April 09, 2021

Crown Fountain, Millennium Park, Chicago. Credit: Maremagnum / Getty Images

Last year, many American cities were shut down for long periods during the coronavirus pandemic. They were also the backdrop for widespread demonstrations against racial injustice, in response to the death of George Floyd. As the Biden administration now plots out a road to recovery, with a massive infrastructure plan, Toni Griffin’s work designing cities and spaces focused on equity and inclusion could be more relevant than ever.  

Griffin, the founder of Urban American City, professor in Practice of Urban Planning and the director of the Just City Lab at Harvard Graduate School of Design, explains the long and painful legacy of discrimination in urban planning and architecture in America and what it will take to overcome it.

Three Takeaways:

  • Designers and urban planners who want to revitalize American cities, need to understand the ways in which urban areas have been shaped by policies of segregation, dating back to the early decades of the 20th century, says Griffin. There were practices designed to intentionally “extract, exclude, discriminate and devalue spaces where Black people” lived, including racially restrictive covenantsredlining and blockbusting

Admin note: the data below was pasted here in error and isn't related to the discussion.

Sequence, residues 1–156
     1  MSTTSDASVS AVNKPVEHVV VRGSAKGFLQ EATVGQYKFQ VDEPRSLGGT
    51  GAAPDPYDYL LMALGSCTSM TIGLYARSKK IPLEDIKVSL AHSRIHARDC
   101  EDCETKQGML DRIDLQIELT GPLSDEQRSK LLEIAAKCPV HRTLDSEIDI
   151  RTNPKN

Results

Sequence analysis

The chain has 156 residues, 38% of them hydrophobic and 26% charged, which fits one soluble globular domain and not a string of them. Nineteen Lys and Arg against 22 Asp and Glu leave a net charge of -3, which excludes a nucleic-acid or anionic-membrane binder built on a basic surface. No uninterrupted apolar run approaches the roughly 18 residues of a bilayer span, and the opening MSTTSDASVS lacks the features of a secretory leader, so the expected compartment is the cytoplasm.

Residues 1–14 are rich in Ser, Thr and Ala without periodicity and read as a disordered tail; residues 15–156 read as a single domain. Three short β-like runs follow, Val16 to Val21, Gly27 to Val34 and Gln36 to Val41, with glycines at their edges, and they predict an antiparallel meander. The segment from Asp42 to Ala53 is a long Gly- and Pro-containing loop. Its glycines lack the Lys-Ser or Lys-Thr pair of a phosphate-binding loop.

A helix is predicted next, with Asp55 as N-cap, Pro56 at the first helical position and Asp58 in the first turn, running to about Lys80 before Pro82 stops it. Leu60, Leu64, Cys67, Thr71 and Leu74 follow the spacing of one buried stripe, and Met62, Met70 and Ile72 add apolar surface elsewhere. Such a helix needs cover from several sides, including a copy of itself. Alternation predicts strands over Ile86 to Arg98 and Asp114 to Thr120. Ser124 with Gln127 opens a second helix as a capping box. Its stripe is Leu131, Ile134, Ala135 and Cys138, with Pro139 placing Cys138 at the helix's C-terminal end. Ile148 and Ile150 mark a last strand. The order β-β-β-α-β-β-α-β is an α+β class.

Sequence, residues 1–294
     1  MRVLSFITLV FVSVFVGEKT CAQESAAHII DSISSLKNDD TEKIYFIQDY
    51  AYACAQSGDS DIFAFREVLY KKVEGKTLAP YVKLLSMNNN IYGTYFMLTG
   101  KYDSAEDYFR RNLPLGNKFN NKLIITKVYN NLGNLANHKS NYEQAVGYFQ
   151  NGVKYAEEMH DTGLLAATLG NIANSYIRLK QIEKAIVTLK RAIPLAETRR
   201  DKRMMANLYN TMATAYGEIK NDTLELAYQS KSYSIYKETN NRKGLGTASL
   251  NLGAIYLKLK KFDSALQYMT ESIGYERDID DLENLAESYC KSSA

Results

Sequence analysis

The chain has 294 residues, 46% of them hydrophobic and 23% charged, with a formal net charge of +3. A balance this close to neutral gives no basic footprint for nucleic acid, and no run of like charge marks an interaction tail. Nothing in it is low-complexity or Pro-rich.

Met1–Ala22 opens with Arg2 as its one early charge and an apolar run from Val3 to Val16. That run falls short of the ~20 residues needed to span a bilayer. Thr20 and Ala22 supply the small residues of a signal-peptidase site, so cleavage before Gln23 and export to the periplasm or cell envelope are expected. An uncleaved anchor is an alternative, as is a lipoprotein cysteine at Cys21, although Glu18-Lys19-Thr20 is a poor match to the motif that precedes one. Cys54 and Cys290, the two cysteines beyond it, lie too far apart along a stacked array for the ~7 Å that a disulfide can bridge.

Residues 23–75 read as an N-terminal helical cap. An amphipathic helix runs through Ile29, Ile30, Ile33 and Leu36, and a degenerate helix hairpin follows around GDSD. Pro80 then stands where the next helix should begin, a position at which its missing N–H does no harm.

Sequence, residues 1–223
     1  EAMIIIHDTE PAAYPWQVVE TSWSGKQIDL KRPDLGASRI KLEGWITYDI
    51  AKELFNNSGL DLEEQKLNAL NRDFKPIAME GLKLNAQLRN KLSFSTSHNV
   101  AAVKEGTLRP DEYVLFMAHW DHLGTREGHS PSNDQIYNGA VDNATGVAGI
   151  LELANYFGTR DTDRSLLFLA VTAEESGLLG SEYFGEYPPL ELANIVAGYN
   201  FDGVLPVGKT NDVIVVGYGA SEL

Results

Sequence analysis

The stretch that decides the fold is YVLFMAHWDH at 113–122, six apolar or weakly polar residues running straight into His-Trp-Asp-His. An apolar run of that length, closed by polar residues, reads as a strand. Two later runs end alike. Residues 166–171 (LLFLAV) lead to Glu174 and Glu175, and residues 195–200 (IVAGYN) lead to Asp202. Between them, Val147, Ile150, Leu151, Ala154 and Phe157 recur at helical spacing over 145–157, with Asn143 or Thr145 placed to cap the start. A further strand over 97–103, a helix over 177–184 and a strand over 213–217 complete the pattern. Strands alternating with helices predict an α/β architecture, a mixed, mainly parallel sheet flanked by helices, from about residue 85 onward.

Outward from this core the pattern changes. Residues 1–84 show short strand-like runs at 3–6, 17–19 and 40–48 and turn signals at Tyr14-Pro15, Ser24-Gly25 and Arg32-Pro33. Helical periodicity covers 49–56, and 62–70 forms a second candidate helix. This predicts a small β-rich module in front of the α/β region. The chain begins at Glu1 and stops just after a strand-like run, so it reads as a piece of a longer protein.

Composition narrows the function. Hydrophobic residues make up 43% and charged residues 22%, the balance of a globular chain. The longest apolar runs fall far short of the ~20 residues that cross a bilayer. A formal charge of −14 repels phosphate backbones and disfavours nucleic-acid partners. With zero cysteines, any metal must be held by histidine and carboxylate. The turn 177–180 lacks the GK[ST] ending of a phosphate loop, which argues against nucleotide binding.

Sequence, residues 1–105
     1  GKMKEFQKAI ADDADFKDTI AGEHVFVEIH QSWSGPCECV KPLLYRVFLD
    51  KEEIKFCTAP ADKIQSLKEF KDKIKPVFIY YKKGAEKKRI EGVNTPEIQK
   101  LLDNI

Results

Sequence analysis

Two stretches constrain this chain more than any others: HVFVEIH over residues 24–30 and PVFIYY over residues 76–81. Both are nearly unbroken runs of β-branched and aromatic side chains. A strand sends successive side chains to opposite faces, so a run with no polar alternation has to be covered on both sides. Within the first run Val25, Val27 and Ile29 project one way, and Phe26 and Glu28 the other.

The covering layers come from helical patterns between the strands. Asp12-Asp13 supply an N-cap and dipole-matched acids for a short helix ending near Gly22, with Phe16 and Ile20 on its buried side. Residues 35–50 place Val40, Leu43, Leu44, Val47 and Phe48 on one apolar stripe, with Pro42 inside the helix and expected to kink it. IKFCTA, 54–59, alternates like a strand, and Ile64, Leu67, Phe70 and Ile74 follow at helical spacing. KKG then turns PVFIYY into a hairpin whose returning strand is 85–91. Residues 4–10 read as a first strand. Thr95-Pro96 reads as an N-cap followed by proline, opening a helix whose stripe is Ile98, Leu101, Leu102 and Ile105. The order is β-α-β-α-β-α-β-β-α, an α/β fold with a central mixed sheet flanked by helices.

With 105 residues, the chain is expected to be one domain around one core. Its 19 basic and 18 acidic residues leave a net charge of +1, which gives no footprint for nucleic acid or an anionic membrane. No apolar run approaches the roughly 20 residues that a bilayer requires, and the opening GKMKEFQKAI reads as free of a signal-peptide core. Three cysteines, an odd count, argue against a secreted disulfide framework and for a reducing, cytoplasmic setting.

• Design can be a tool to repair injustice. And part of that process, which began with the Civil Rights Act of 1964, is dismantling policies and practices that have marginalized African Americans and led to disinvestment in Black neighborhoods, according to Griffin. She says some “urban renewal” projects have perpetuated cycles of poverty and violence, and calls this “developmental mutilation.” 
  • One of Griffin’s favorite public spaces is Crown Fountain in Millennium Park, downtown Chicago. Designed by Spanish artist Jaume Plensa, Griffin says the fountain brings people together in a way that doesn’t typically happen in Chicago, which she describes as a deeply segregated city. Two large digital towers display images of the faces of everyday Chicagoans, while, during warmer months of the year, children from all over the city play together in a shallow reflecting pool at the fountain.

More Reading:

cities, Justice, Racism, urban planning, Toni Griffin, equity

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